THE ISLAND

 

There are so many, and each one
Its own. But why this, and this still?
Was there a sign? Perhaps just
The ancient, utter silence, a hawk
Hanging upon emptiness alone
Between the cyclopean cliffs.
Leaving the quay, the rusty steamer,
The narrow, huddled, whitewashed street,
We scrambled upward to the sky.
Upon the crest a monastery
Hewn from salt, and in the hills beyond
A desert waste of scrub and tamarisk.
Two eagles circled in the sky
Above and where they led we drew,
Breasting a further spur and climbing down
Into another sea beyond. Upon an edge
To stumble upon death, a hideous abyss,
The ravening, black rip and spoil
Grinding in the cleft fault unseen.
On the far crag a shrine, and there,
Secret, and shouldered by the hill,
A cove, with the sea far beneath.
Descending, first, the tang of smoke,
Burnt fish, herbs, oil, with voices,
A bouzouki, the wild music swaying
On the wind. Sponge divers with their gear,
The battered caique drawn above the tide,
A driftwood fire, charred sand,
And the curved finger nail of beach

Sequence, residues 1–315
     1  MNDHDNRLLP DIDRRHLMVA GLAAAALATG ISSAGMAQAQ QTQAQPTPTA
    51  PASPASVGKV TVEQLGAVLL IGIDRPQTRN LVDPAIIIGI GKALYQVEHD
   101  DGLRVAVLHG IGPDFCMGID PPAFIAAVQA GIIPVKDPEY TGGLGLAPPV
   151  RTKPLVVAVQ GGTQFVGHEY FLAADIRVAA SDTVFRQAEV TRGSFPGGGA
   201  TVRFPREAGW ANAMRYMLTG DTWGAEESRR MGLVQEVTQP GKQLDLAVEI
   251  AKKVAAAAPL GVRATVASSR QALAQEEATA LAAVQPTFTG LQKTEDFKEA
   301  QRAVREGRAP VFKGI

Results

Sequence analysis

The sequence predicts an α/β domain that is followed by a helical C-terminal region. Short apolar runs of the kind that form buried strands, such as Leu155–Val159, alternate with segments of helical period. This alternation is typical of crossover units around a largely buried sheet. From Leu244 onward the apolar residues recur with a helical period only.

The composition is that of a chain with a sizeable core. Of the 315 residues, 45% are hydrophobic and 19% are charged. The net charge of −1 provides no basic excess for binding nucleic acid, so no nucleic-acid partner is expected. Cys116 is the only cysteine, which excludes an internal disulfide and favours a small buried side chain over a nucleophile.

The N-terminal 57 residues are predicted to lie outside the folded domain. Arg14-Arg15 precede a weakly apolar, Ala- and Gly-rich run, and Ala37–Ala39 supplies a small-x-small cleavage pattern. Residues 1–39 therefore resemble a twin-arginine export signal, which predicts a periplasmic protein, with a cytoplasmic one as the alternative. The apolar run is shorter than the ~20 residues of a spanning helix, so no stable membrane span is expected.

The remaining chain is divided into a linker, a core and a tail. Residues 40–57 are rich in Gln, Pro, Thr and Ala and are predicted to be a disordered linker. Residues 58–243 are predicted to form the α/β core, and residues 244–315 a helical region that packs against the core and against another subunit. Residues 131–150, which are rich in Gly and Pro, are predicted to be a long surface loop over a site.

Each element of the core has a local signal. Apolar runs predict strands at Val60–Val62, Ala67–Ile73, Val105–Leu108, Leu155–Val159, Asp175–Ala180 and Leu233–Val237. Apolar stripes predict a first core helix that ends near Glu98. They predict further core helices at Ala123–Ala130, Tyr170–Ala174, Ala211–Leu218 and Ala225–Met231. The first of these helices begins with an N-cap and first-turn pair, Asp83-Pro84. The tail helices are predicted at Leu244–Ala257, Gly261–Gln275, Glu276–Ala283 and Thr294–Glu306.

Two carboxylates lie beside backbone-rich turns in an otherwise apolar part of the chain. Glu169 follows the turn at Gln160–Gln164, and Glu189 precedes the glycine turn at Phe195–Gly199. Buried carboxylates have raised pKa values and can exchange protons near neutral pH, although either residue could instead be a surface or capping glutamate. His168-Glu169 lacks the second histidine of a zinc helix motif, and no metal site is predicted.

Brilliant with sun, filed smooth,
Its edge lace satin scrolled and swathed.
Despite ourselves, such stillness
In the place, a silence ages still.
So still the gods sleep in this place.
Odysseus, and his crew. Their laughter,
And tall tales about the fire. Grinning,
He stands and pours out the rough wine.
A shifty, weather beaten face.
Eyes that yield nothing and command.
And all his questions, never satisfied,
Or tired, and talking half the night.
Out there, he jabs, they fished out
From the depths not squid but bronze,
Spewed bile, shell-crusted by the sea.
Such weight he grits his teeth to say.
Telling, he handles it, the blind,
Enormous, slippery, green weight
He pulls and draws out with both hands,
The swimmer glistening in their nets
Keeling the sky, awful, and terrible.
The body that he speaks with all he is.
And in his eye the god, the same, tall,
Proud, dispassionate regard.

 

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